July 31, 2023
By Steve Lindsey, Director of Transportation Design, and Janna Rosenthal, Senior Transportation Planner
Central Texas’ population is growing rapidly with several of Austin’s suburbs ranking among the fastest growing cities in the country. Smaller and traditionally more rural communities and counties are seeing residents flock to their towns, driven by a variety of factors. Furthermore, businesses such as Samsung, Apple, and TESLA are heavily investing in the region, and large cities like Austin are continuing to grow.
As communities experience rapid growth, how can they update and adapt their transportation plans to minimize growing pains? How can planners continue to attract and maintain business investment and residents while ensuring that growth doesn’t outpace infrastructure capacity?
WSB’s Texas team is at the forefront of helping counties and communities create and execute comprehensive transportation plans that are flexible, nimble and take a long-term view of community growth and resident needs. Here are some lessons learned in Texas that apply to communities across the country experiencing rapid growth.
What happens when a transportation plan doesn’t meet the needs of a community?
When cities and counties fail to adequately plan for and invest in transportation infrastructure, residents and businesses often experience negative repercussions. Insufficient transportation planning can lead to congestion, decreased mobility and accessibility, safety concerns, and can ultimately hamper further growth and investment in the community.
Community leaders must understand the relationship between transportation infrastructure and economic development and investment. Is there enough housing for workers? Are workers able to easily get to and from work without overly burdensome commutes? Are there public transportation options that meet the needs of residents and businesses? Plans must provide answers to these questions and factor in a variety of needs.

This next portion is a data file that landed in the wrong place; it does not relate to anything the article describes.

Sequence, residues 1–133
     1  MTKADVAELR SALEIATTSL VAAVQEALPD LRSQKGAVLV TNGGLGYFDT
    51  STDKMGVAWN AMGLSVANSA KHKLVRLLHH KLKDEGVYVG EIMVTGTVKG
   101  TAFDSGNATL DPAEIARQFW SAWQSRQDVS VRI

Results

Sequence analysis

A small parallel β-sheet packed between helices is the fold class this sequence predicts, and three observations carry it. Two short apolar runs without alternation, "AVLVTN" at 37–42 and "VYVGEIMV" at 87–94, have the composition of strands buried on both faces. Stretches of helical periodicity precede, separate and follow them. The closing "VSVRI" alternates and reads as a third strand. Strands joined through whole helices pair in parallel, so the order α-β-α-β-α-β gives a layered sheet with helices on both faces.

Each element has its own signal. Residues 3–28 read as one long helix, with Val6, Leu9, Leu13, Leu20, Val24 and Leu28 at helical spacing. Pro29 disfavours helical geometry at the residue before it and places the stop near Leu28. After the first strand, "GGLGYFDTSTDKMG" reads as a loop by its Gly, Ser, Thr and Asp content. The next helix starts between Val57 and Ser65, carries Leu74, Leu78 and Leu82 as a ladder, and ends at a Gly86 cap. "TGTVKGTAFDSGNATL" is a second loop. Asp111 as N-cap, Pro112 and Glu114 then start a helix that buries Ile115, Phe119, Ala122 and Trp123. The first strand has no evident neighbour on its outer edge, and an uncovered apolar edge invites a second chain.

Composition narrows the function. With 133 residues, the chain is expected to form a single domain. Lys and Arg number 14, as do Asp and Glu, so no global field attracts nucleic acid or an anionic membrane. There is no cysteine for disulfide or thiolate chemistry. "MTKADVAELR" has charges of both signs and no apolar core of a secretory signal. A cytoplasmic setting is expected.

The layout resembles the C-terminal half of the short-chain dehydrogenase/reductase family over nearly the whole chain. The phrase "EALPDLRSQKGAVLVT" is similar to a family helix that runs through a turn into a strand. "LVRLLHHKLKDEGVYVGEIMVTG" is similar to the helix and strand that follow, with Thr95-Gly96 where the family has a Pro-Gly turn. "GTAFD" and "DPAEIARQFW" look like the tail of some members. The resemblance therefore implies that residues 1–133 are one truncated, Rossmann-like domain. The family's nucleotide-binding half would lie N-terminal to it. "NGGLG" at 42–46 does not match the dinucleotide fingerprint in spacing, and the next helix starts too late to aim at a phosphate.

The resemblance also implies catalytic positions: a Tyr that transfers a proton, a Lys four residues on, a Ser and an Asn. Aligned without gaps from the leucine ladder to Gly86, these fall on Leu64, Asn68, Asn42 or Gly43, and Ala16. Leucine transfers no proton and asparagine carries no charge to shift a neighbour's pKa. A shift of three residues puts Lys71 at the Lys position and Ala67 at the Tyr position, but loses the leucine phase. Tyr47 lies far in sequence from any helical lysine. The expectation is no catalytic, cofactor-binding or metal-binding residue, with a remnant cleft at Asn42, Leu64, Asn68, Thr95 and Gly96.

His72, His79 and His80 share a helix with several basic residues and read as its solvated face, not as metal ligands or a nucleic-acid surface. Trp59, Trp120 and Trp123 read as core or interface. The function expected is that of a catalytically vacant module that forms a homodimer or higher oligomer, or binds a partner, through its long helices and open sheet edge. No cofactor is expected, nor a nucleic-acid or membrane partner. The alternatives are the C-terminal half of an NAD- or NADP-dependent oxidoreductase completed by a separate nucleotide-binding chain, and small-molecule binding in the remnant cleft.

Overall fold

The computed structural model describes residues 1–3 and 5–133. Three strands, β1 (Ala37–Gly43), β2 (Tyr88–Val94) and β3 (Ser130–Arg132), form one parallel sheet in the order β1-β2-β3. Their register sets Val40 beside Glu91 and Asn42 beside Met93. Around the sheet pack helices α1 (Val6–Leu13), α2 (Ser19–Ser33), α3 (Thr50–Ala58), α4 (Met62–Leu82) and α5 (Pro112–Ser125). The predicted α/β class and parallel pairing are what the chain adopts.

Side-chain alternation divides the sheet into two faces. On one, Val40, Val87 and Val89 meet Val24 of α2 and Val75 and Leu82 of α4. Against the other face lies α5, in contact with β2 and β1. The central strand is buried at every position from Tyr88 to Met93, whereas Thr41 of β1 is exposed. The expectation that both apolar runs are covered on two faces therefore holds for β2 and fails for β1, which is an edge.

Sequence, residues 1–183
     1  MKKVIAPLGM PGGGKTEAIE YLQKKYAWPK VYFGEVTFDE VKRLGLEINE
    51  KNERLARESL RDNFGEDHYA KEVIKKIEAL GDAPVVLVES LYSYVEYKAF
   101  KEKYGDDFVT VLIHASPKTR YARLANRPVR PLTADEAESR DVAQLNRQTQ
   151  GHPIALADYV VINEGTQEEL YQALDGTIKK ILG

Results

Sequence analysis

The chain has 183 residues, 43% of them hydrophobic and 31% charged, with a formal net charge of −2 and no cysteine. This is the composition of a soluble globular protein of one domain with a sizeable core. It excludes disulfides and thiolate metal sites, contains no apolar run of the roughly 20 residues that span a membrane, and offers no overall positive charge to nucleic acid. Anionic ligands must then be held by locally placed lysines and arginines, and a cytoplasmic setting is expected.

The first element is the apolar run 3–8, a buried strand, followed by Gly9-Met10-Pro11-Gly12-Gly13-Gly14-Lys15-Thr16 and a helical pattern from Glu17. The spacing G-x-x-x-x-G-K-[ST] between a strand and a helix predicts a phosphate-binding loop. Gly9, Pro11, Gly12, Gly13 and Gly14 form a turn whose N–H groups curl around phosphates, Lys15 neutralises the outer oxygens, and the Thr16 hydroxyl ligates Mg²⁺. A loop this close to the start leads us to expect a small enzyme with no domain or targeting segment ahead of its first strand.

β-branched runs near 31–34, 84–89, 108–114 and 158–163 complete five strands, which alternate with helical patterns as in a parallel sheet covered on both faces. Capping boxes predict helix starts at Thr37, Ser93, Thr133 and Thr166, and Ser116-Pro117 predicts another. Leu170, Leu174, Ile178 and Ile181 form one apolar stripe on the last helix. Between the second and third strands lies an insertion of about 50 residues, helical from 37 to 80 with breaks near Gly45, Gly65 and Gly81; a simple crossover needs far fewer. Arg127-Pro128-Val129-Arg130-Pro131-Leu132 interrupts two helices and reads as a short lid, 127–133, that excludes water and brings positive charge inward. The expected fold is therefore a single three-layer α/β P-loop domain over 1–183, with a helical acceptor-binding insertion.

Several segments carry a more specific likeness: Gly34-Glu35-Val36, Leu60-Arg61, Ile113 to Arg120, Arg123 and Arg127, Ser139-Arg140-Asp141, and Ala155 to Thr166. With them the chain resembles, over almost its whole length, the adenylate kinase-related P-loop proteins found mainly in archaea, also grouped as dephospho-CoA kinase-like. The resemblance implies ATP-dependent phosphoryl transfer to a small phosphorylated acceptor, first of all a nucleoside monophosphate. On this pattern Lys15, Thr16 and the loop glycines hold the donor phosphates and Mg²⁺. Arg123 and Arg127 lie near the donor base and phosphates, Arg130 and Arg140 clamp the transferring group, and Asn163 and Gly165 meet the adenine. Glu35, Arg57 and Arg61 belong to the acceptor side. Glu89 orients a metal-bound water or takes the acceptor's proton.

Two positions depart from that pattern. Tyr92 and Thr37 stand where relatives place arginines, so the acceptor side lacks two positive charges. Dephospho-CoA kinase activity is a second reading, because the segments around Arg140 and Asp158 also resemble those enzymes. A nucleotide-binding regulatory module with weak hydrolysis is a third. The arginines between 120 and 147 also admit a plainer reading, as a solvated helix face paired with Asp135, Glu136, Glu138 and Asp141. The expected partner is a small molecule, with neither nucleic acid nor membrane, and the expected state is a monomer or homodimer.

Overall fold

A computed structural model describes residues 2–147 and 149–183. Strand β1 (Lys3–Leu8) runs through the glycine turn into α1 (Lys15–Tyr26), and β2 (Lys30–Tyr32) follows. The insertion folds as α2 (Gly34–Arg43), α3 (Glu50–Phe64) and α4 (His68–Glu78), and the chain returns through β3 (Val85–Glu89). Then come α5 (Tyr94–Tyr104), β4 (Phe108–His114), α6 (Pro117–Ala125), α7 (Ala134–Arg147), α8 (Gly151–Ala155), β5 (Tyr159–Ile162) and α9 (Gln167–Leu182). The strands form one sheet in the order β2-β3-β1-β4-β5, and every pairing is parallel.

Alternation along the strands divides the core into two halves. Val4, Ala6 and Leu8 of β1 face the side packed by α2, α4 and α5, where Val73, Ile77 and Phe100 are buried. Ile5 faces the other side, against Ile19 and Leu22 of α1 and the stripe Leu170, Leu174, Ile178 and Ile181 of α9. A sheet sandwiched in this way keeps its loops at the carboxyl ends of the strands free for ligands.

Transportation infrastructure is a major consideration for businesses who are looking to expand or relocate. Investors consider access to markets and local/regional transportation connectivity when deciding on the location of new ventures. When transportation plans fail to meet the needs of a community, they are less likely to attract and retain businesses, investment projects and industrial development. Transportation planning that supports growth means ensuring residents and visitors can travel the community freely, efficiently and safely.
How to craft a transportation plan that has a long-term vision.
Proactive transportation planning is essential to ensure that the community can support growth. Community leaders need to advance comprehensive transportation plans that have a broad, long-term vision for their community over the next several decades, while regularly reevaluating to see where changes need to be made and priorities may have shifted. As population growth and economic development accelerate, it is vital to evaluate the existing transportation infrastructure’s capacity to handle the growing demand. Identifying potential bottlenecks, road networks operating beyond their capacity, and inadequate public transit systems can prompt the need for changes in long-term transportation plans.